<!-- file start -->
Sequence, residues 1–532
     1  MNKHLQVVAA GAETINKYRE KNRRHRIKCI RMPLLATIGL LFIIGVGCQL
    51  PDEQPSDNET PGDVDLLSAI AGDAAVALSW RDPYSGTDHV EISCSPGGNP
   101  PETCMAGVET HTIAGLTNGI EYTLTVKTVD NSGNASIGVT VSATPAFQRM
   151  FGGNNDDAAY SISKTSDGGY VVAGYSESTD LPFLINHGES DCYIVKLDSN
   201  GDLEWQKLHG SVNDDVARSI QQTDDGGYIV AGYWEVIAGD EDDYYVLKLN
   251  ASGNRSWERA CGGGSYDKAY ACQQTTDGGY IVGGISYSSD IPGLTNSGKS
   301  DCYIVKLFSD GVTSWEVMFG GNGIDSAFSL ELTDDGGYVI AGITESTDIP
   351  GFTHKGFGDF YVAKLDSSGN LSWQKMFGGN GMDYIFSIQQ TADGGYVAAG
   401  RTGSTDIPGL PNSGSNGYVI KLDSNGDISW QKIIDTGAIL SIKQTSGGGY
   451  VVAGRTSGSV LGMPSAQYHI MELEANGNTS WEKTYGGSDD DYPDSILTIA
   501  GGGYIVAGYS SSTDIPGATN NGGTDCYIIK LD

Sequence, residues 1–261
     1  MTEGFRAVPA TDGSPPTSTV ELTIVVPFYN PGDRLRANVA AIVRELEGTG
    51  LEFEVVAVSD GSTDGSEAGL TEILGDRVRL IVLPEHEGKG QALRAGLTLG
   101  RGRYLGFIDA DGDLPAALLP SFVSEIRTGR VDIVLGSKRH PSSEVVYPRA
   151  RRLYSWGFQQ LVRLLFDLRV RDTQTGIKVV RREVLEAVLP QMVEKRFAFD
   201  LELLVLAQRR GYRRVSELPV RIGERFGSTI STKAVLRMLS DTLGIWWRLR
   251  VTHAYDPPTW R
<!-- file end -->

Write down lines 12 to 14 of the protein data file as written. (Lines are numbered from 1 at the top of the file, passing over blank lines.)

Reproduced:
   501  GGGYIVAGYS SSTDIPGATN NGGTDCYIIK LD

Sequence, residues 1–261
     1  MTEGFRAVPA TDGSPPTSTV ELTIVVPFYN PGDRLRANVA AIVRELEGTG